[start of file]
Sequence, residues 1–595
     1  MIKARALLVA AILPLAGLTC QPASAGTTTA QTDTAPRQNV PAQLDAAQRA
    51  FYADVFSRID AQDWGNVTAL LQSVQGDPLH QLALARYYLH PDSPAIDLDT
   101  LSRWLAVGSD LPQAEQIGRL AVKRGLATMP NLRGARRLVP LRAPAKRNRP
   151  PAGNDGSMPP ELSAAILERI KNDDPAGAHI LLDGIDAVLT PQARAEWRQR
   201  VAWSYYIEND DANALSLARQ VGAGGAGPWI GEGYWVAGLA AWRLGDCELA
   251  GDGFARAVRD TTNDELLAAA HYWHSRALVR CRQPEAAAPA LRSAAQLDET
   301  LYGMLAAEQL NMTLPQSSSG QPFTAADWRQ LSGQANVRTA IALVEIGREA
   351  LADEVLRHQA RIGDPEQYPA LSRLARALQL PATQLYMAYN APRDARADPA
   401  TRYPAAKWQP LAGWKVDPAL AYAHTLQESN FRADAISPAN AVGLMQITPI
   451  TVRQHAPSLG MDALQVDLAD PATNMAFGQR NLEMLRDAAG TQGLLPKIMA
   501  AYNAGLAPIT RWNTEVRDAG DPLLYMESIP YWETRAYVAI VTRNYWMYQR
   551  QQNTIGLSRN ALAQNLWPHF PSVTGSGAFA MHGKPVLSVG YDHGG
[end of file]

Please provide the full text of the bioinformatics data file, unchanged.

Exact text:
Sequence, residues 1–595
     1  MIKARALLVA AILPLAGLTC QPASAGTTTA QTDTAPRQNV PAQLDAAQRA
    51  FYADVFSRID AQDWGNVTAL LQSVQGDPLH QLALARYYLH PDSPAIDLDT
   101  LSRWLAVGSD LPQAEQIGRL AVKRGLATMP NLRGARRLVP LRAPAKRNRP
   151  PAGNDGSMPP ELSAAILERI KNDDPAGAHI LLDGIDAVLT PQARAEWRQR
   201  VAWSYYIEND DANALSLARQ VGAGGAGPWI GEGYWVAGLA AWRLGDCELA
   251  GDGFARAVRD TTNDELLAAA HYWHSRALVR CRQPEAAAPA LRSAAQLDET
   301  LYGMLAAEQL NMTLPQSSSG QPFTAADWRQ LSGQANVRTA IALVEIGREA
   351  LADEVLRHQA RIGDPEQYPA LSRLARALQL PATQLYMAYN APRDARADPA
   401  TRYPAAKWQP LAGWKVDPAL AYAHTLQESN FRADAISPAN AVGLMQITPI
   451  TVRQHAPSLG MDALQVDLAD PATNMAFGQR NLEMLRDAAG TQGLLPKIMA
   501  AYNAGLAPIT RWNTEVRDAG DPLLYMESIP YWETRAYVAI VTRNYWMYQR
   551  QQNTIGLSRN ALAQNLWPHF PSVTGSGAFA MHGKPVLSVG YDHGG